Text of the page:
Mark Hurd Appears on CNBC’s Squawk Alley

CNBC – Jun. 23, 2017

Oracle shares opened at $51.62 Thursday — an all time high for the company — putting the stock on pace for it’s best day in 3 years, after better than expected fourth quarter earnings and revenue.

On CNBC’s Squawk Alley, CEO Mark Hurd distinguished the company from it’s competitors.

“We’re different than Amazon. Amazon offers infrastructure, and they started in infrastructure. We’re a differentiated intellectual property company. We make applications. We make platforms, databases, Java, business intelligence, analytics, machine-to-machine capability embedded in those applications,” he said.

More from Mark Hurd on Squawk Alley

Here’s What Oracle CEO Mark Hurd Says About Keeping Up With Amazon

Fortune – Sept. 16, 2016

Oracle CEO Mark Hurd laid out the case on Monday for why the database giant sees big money in cloud computing.

At Oracle’s annual customer conference in San Francisco, Hurd followed up executive chairman Larry Ellison’s Sunday talk on why the tech giant believes Amazon Web Services is Oracle’s biggest competitor in the business of selling computing capacity on-demand, otherwise known as cloud computing.

Hurd gave his talk while sitting behind a desk in front of a backdrop that resembled a set of a late night talk show, complete with a cup of pencils on his desk and several coffee mugs. He proceeded to outline the current state of information technology, remarking that businesses are spending almost nothing on IT compared to previous years.

Read more at Fortune


Oracle’s Mark Hurd: Innovation, Savings Make Cloud Transition ‘Inevitable’

Forbes – Sept. 15, 2016

Having cake. Eating cake. Alone, either is good. But it’s better to have both. That’s what Oracle CEO Mark Hurd says (more or less) about the increasing adoption of enterprise cloud services in a still-challenging economic environment.

“There’s a lot of pressure on companies to perform,” says Hurd. “Executives need ample flexibility to respond to the market. That means both reducing costs and increasing innovation.”

If “innovation” is shorthand for “new research and development spending” or “expanding the portfolio of products and services,” the challenges of improving margins and making new investments appear to be mutually exclusive. But Hurd believes that new, powerful cloud technologies are allowing companies to achieve both goals. And the attraction is undeniable.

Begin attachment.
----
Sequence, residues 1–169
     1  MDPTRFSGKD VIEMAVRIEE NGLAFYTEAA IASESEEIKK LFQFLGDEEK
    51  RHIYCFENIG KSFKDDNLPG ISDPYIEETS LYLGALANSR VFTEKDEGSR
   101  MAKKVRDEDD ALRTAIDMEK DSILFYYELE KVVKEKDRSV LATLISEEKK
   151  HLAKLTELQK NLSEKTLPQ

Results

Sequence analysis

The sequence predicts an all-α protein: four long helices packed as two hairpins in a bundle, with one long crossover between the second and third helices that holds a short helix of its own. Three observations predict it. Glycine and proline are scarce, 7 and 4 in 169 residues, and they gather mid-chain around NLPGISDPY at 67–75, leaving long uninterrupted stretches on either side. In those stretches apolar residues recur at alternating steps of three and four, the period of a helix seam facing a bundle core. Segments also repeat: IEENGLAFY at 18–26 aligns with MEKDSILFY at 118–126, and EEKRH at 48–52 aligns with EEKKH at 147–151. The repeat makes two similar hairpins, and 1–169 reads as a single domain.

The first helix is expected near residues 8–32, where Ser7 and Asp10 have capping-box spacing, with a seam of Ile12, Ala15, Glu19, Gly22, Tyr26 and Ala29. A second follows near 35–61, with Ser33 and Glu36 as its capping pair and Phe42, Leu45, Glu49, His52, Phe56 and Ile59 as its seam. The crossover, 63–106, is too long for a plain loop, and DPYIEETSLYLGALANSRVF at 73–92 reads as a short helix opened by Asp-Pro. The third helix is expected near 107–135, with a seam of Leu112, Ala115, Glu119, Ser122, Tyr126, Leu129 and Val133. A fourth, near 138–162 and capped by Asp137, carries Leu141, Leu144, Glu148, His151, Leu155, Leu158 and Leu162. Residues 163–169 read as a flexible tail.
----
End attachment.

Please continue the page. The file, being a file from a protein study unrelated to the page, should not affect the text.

Read more at Forbes


Why Oracle thinks it can win the cloud industry

CNBC – Sept. 19, 2016

Despite an uphill battle, Mark Hurd, one of Oracle‘s CEOs, said he thinks the company’s “all-in” strategy will win the cloud battle.

“What Oracle’s doing different than any of the companies … our strategy is really a whole suite of capabilities,” Hurd told CNBC’s “Squawk on the Street” on Monday. “Long run, we think suites will win. We think we’re in a unique position to take advantage of that.”

Read more and watch the video at CNBC


Mark Hurd, co-CEO Oracle, on Brexit, Trump and digital government

Diginomica – January 18, 2017

At this week’s Oracle Cloud Summit Analyst Day, I had the opportunity to ask Mark Hurd, co-CEO Oracle about the company’s position as it relates to the current geo-political situation in the US, UK and Australia. I was thinking about the marked difference in tone around digital government over the last year and the likely impact on Oracle government spend. Here was my question:

Earlier in the year, we saw Brexit. We now have Donald Trump just about to go into the White House, and in Australia they seem to have taken a cue from both nations and have created a situation where digital government is becoming very, very difficult. What is your message, as Oracle, to those governments in view of what you’re seeing on the ground in terms of contracts and where people are going?

This is not an easy question for any technology CEO. The fact remains that in all three territories, there has been a general retreat from the progressive ideas of digital government we saw emerging in recent years. Trump for example having gone so far as to say that he distrusts technology. Even so, Hurd gave us an interesting insight into how he sees the picture in the context of Oracle as one of the UK and US’s most important technology providers.

Read more at Diginomica